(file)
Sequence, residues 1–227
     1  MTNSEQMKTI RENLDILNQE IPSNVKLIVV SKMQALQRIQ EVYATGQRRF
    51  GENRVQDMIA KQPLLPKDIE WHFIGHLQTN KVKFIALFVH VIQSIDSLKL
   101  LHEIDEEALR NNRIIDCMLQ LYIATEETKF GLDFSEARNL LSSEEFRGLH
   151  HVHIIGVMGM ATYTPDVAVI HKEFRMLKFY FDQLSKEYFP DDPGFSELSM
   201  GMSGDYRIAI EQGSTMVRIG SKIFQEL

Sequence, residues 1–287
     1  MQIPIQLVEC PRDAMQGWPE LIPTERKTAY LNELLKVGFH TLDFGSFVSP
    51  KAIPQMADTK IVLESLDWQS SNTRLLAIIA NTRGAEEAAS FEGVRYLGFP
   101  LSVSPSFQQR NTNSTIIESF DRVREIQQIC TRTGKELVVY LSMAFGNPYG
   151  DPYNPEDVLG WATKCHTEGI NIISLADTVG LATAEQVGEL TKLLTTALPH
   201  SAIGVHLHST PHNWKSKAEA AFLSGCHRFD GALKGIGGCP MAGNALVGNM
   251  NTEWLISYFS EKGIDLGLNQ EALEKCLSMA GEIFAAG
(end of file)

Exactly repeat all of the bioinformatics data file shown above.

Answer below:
Sequence, residues 1–227
     1  MTNSEQMKTI RENLDILNQE IPSNVKLIVV SKMQALQRIQ EVYATGQRRF
    51  GENRVQDMIA KQPLLPKDIE WHFIGHLQTN KVKFIALFVH VIQSIDSLKL
   101  LHEIDEEALR NNRIIDCMLQ LYIATEETKF GLDFSEARNL LSSEEFRGLH
   151  HVHIIGVMGM ATYTPDVAVI HKEFRMLKFY FDQLSKEYFP DDPGFSELSM
   201  GMSGDYRIAI EQGSTMVRIG SKIFQEL

Sequence, residues 1–287
     1  MQIPIQLVEC PRDAMQGWPE LIPTERKTAY LNELLKVGFH TLDFGSFVSP
    51  KAIPQMADTK IVLESLDWQS SNTRLLAIIA NTRGAEEAAS FEGVRYLGFP
   101  LSVSPSFQQR NTNSTIIESF DRVREIQQIC TRTGKELVVY LSMAFGNPYG
   151  DPYNPEDVLG WATKCHTEGI NIISLADTVG LATAEQVGEL TKLLTTALPH
   201  SAIGVHLHST PHNWKSKAEA AFLSGCHRFD GALKGIGGCP MAGNALVGNM
   251  NTEWLISYFS EKGIDLGLNQ EALEKCLSMA GEIFAAG